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Consumer behaviour in the travel industry
“What motivates university students to book their travel itinerary online?”

25 November 2014 Management Summary
Due to the rise of information technology and especially the Internet, the tourism industry has altered tremendously. Nowadays, signifcantly more consumers, especially young, self-determing, brand loyal and price sensible consumers, prefer to book their travels online instead of visiting a travel agency. However, it is currently unknown which factors are of influence on the intention of booking a trip online.
Therefore, the following main problems of issue has been investigated: “Which factors influence the intention of students to purchase travels via online channels? And what is the mediating effect of perceived value of an online service on the relationship between price and students’ online purchase intentions?”
The literature study examined several contemporary scientific theories with respect to students’ online purchase intention, and found that preceived value could potentially serve as an mediator on the relationship between price and consumers’ online purchase intentions. Furthermore, trust, convenience, web-design, reference groups, and promotion, are found to be also of influence on the consumers, online purchase intentions. Based on these relations found in the literature study, the conceptual model (i.e. descriptive representation) and hypothesis were developed.
Based on the conceptual model a research methodology was designed. The research methodology was of quantitative nature and conducted by means of administering questionnaires. Convenience sampling was used to collect all the data. The sample size consisted of 120 studens studying at Tilburg University.
The findings indicated that trust is the only independent variable that has a significantly positive influence on the intention of students to purchase travels via online channels. Additionally, perceived value of an online service appeared to have no meadiating effect on the relationship between price and students online purchase intentions. For this reason, next to deduction, induction was used in order to find if one of the independent variables could be used as a mediator.
Within the discussion section, the researchers mainly determined whether trust could alternatively serve as a mediator on the relationships between all six independent variables and the dependent variable. The additional mediation analysis indicated that trust only has a mediating effect on both “convenience” and “reference groups”, and implies an indirect-only mediation since a x b is significant while c remains insignificant.
Table of Contents
Management Summary i
Chapter 1: Introduction 1
1.1 Induction 1
1.2 Goal of Research 2
1.3 Problem Statement 2
1.4 Research Questions 2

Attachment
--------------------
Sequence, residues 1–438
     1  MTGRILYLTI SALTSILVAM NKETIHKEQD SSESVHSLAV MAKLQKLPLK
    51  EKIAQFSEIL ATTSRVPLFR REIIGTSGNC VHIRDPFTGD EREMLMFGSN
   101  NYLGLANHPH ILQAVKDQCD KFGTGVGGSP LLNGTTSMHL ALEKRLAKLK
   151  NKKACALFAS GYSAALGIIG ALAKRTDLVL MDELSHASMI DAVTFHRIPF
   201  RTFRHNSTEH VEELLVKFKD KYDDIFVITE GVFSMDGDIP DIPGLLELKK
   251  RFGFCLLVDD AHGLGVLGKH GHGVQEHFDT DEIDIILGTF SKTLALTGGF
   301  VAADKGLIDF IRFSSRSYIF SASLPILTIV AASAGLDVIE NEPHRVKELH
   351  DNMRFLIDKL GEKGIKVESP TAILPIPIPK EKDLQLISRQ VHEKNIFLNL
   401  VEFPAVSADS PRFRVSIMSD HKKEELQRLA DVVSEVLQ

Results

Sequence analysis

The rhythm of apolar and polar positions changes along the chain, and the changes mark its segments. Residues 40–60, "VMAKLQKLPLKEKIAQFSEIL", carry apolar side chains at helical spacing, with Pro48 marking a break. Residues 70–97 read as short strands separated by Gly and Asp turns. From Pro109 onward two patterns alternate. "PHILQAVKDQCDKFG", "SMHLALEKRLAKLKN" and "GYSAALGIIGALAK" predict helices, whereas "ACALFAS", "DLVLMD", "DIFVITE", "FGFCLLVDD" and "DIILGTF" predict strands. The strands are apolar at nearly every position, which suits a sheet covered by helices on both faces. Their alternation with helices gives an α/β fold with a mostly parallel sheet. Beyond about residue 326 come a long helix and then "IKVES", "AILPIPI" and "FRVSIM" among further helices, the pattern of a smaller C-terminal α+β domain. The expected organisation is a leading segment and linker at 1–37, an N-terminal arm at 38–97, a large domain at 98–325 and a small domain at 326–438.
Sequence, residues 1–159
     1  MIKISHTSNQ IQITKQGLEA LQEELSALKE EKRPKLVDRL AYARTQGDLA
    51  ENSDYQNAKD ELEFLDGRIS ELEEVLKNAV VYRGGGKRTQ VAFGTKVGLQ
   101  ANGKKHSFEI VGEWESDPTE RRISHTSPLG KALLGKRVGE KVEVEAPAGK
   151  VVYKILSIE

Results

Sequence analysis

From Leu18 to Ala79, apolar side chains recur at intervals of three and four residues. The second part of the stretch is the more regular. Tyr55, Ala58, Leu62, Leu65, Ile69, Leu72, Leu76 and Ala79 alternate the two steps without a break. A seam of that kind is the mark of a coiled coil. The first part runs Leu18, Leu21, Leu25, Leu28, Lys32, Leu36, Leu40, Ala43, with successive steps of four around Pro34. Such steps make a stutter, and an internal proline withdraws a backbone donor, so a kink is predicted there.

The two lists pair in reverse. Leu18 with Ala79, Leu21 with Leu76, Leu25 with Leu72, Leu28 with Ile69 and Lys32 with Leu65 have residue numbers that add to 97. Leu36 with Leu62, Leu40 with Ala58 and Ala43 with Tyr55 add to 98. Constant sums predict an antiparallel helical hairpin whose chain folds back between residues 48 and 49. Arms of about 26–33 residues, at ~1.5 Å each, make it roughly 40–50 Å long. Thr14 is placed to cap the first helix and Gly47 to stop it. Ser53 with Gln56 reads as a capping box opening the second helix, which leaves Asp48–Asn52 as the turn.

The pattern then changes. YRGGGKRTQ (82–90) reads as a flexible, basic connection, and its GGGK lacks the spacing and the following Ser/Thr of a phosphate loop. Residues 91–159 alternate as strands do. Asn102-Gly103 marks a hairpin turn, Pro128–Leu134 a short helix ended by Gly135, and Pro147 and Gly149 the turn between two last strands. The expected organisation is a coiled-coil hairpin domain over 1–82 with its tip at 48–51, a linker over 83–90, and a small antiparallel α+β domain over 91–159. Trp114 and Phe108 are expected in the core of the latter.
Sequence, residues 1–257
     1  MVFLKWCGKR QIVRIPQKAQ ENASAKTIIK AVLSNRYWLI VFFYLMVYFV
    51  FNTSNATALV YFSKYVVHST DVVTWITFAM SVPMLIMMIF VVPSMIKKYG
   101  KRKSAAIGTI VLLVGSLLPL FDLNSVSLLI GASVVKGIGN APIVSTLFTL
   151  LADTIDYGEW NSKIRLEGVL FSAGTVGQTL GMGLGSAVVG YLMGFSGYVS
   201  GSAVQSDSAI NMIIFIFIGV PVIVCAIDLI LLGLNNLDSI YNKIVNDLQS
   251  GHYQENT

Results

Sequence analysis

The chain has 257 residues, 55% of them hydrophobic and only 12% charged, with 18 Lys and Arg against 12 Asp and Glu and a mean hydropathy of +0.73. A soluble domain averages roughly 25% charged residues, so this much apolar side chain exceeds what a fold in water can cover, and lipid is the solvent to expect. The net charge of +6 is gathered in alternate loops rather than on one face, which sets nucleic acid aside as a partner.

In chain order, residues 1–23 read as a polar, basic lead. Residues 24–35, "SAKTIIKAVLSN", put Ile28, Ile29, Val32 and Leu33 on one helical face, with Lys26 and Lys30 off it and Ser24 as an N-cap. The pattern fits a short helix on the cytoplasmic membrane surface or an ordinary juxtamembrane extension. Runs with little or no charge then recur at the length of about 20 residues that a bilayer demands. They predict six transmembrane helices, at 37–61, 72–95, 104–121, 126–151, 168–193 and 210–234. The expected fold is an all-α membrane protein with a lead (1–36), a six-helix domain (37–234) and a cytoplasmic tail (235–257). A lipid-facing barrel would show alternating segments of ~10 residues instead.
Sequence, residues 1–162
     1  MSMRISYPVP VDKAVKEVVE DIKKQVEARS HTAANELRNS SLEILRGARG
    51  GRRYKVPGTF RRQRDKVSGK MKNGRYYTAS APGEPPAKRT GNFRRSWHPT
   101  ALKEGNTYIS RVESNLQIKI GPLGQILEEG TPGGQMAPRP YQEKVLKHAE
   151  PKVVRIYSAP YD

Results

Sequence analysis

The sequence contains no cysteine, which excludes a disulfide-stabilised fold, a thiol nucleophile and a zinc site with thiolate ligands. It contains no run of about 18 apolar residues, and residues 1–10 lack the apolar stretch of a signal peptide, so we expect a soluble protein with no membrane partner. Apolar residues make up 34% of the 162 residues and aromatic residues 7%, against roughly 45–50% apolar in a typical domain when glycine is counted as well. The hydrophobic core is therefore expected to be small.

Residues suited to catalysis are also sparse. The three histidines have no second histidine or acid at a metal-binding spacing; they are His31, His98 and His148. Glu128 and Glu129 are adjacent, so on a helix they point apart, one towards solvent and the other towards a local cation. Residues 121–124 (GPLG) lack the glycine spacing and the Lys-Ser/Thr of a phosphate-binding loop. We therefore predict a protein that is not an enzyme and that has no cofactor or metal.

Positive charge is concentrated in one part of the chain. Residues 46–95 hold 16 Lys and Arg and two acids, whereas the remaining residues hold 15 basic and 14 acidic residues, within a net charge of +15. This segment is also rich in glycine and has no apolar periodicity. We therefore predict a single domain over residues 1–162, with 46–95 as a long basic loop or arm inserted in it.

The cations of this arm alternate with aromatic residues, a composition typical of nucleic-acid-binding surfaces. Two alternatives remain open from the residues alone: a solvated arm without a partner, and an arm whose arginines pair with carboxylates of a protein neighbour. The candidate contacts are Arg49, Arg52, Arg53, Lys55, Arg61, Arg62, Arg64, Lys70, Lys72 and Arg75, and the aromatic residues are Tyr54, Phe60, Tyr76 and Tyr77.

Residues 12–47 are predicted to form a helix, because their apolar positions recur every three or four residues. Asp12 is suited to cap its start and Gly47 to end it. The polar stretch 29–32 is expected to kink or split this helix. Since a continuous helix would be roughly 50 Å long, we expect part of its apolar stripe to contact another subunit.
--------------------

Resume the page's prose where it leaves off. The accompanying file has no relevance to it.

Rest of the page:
1.5 Relevance 2
1.5.1 Academic Relevance 2
1.5.2 Practical Relevance 3
1.6 Demarcation 3
1.6.1 Demarcation Based on Population 3
1.6.2 Demarcation Based on Variables 3
1.7 Definitions 4
1.7.1 Price 4
1.7.2 Perceived Value 4
1.7.3 Trust 4
1.7.4 Convenience 4
1.7.5 Web-design 4
1.7.6 Reference Groups 4
1.7.7 Promotion 4
1.7.8 Online Purchase Intention 5
1.8 Planning and Structure of Report 5
1.8.1 Structure 5
Chapter 2: Exploration Literature study 6
2.1 Price and Perceived Value 6
2.2 Trust 7
2.3 Convenience 7
2.4 Web-design 8
2.5 Reference Groups 9
2.6 Promotion 10
2.7 Conceptual Model 10
Chapter 3: Research Design 10
3.1 Designs and Procedure 11
3.2 Operationalization 11
3.3 Sample Strategy and Size 13
3.4 Respondent Characteristics 14
3.5 Reliability Analysis 14
Chapter 4: Data analysis 15
4.1 Descriptive Statistics 15
4.1.1 Descriptive Statistics on Item and Variable Level 15
4.1.2 Testing for Non-Normality 16
4.1.3 Correlation Matrix (Independent Variables on Dependent Variable) 16
4.2 Regression Analysis 17
4.2.1 Mediation Analysis 17
4.2.2 Statistical Validity 18
4.2.3 Face Validity 18
4.3.4 Hypothesis Testing 18
4.3.5 Durbin-Watson 20
4.3.6 Multicollinearity: Variance Inflation Factor 20
4.4 Conclusions 21
Chapter 5: Policy advice 22
5.1 Discussion 23
5.2 Limitations 23
5.3 Recommendations 24
5.3.1 Practical Recommendations 25
5.3.2 Recommendations for Future Research 25
Chapter 6: Bibliography 27
Chapter 7: Appendices 35
Appendix 1 35
Appendix 3 36
Appendix 4 66
Appendix 5 90

Chapter 1: Introduction
The first chapter covers the induction that describes the motives and background of this research. Furthermore, the goal of the research, problem statement, research questions, relevance, demarcation, definitions, planning and structure of the report will be addressed.
1.1 Induction
The tourism industry has been greatly impacted by the rise of information technology and especially the Internet (Ho & Lee, 2007). ING proclaims that the preference of consumers to rather explore online options has a substantial effect (ING, 2013). The significant change in proportion of online bookings underlines ING’s claim, as in 2003 only 25 percent accounted for online bookings, whereas in 2012 this number had skyrocketed to 76 percent (ING, 2013). Especially for young, self-determining, brand disloyal and price sensible consumers, the web is a preferred option to book travels instead of visiting a travel agency (Weber, 2013). However, it is currently unknown which factors influence the purchase intentions with regards to booking trips.